We describe our experience with a deep localization of
Google Maps™, where millions of geographic names from diverse origins had to be
represented in several target languages, including Russian, Mandarin, and Japanese. For
example, a map of Western Europe on maps.google.co.jp shows Japanese labels for almost
all labeled features. We tackle the problem of transliterating from several source
languages into several target languages by pivoting through an explicit intermediate
phonetic representation. Each transliteration scheme is implemented as a sequence of
ICU transforms, reusing a few existing transforms from ICU and CLDR, but consisting
mostly of transforms that we wrote specifically for this problem. Dividing the problem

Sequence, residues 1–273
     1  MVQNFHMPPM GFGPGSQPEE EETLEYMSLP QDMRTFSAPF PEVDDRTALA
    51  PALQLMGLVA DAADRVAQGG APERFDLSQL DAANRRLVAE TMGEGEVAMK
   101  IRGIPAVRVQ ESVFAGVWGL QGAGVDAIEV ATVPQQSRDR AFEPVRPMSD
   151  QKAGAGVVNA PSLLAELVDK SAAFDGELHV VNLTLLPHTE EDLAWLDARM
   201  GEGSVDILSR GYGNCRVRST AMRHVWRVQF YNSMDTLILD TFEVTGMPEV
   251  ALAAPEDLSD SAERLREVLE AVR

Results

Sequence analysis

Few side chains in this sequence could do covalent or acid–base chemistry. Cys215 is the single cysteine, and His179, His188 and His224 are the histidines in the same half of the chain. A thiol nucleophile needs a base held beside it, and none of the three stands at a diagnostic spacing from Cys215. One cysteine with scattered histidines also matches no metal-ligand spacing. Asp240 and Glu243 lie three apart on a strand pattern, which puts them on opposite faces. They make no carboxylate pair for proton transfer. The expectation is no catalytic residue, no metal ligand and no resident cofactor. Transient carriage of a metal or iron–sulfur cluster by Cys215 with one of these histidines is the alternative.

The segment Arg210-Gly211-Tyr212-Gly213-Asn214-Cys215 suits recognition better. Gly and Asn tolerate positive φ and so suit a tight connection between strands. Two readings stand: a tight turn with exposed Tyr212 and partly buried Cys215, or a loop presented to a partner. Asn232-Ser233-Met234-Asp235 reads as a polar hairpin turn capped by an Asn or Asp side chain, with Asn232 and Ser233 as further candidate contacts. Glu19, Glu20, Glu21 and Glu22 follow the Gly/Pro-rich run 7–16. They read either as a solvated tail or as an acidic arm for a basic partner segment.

this way results in many reusable components that make it simple to transliterate
between multiple languages. We discuss the steps that go into building transliteration
rules, describe existing official and de facto standards and guidelines, and give
suggestions for what to do when no consistent guidelines are available. We provide
general recommendations for developing and testing custom ICU transforms.
The presentation is available here.